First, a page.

From Brunel to the Blitz, and Beyond – A history of the London Underground
For millions of Londoners and visitors to the city, the Tube is a fast and convenient way to get around, and is widely regarded as the best underground system in the world. It all started with Marc Brunel, and his son Isambard Kingdom Brunel, who went on to design some of the most impressive structures in the world. The tunnel, named the Thames tunnel was built in 1843 but closed in 1869, but is led to the birth of the modern London Underground.
The first underground train service opened to the public in 1863 between Paddington and Farringdon Street. It was the beginning of a revolution in the world of transport, to alleviate the congestion on the crowded streets of London. New lines soon started to follow, connecting people all over the city by underground. In 1880, running from the Tower of London to Bermondsey, the first tube tunnel opened, and a few years later, the Circle Line was completed.
The new tube stations, deep under London’s streets served a new purpose during the war – being opened up as air raid shelters to families all over London, saving millions of lives. During the war, people would head down, deep underneath London to shelter from the bombs above them.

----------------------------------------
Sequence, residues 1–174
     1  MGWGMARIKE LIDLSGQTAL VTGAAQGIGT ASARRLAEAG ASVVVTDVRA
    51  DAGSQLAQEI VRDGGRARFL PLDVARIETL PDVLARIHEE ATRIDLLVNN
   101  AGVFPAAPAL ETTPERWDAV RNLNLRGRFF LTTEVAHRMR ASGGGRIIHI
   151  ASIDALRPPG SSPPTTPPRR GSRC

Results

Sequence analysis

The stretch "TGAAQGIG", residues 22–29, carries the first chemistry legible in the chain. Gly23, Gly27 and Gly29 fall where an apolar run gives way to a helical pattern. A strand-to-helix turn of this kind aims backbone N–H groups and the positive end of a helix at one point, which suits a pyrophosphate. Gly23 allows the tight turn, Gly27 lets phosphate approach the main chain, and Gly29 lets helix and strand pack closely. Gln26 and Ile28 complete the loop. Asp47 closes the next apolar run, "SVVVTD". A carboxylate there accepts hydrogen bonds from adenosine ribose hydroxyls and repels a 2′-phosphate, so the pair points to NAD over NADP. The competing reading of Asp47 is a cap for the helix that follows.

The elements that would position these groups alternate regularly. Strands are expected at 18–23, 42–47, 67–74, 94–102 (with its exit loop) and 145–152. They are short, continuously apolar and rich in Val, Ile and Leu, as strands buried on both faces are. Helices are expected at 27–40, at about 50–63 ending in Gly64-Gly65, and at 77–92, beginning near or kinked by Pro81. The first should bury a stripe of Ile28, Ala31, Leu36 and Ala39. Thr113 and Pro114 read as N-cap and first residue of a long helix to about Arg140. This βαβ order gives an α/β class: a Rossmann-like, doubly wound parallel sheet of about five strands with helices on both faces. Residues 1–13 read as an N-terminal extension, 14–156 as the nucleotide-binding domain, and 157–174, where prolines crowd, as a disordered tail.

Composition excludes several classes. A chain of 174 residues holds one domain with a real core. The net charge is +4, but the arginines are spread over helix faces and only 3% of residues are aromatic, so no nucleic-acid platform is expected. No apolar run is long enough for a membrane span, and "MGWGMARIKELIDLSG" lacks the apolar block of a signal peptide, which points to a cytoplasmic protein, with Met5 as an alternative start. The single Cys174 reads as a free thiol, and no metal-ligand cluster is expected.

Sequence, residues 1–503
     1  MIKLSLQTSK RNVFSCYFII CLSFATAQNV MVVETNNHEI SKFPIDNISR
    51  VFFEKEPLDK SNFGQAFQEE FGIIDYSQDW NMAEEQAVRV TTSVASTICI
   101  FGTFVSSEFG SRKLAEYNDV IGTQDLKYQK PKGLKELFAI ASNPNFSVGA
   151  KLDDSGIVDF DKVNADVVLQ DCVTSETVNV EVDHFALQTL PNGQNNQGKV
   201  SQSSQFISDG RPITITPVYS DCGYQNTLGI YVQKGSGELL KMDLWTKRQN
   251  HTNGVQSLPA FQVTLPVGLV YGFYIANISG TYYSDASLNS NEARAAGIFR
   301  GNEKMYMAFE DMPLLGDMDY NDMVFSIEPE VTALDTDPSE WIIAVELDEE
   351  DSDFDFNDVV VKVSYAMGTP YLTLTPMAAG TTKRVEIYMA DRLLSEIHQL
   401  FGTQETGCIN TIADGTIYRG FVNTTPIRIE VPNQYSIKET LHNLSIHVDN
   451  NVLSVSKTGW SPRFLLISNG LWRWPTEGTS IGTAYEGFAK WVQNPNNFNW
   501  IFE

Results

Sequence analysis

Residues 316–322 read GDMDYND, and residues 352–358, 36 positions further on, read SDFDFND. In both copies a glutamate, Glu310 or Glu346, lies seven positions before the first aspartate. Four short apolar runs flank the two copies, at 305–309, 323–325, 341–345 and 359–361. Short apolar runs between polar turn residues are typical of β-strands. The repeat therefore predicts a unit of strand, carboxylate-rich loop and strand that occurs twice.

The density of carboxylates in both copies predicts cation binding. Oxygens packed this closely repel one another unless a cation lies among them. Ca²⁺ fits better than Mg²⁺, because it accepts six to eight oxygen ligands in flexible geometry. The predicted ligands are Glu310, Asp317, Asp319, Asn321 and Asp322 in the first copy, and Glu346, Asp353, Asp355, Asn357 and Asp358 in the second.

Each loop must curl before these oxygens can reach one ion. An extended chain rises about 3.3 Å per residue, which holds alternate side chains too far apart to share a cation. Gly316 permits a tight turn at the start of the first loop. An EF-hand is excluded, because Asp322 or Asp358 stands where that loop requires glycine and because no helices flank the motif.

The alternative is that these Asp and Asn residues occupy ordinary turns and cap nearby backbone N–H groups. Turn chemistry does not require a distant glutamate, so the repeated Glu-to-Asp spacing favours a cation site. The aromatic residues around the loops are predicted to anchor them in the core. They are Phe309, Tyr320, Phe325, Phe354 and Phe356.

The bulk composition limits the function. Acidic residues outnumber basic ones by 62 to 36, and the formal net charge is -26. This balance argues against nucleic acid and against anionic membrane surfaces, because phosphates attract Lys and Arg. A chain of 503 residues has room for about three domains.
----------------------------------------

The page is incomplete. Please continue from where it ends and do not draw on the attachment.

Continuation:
Progress is still being made – the Victoria Lines was opened in 1969 by Queen Elizabeth, and her son, the Prince of Wales opened the Jubilee Line in 1979.
Nowadays the Tube is more popular than ever, despite the tragic bombings on 7th July 2007, the London transport system, like the spirit of the British people, continues to keep calm and carry on! In 2007, the tube carried 1 billion passengers in one year for the first time, and work to improve and modernise it is always going on.
Of course, for modern Londoners, there is more to staying connected nowadays than the tube. With so many working in busy offices, the internet is a vital electronic version of the tube for businesses needing to stay connected – IT support Enfield company http://www.pc-docs.co.uk/ keeps people connected above the ground!
The world nowadays would be unrecognisable to Isambard and his father – but imagine what they would they think if they saw what their idea to dig underneath the River Thames in Victorian London would have led to.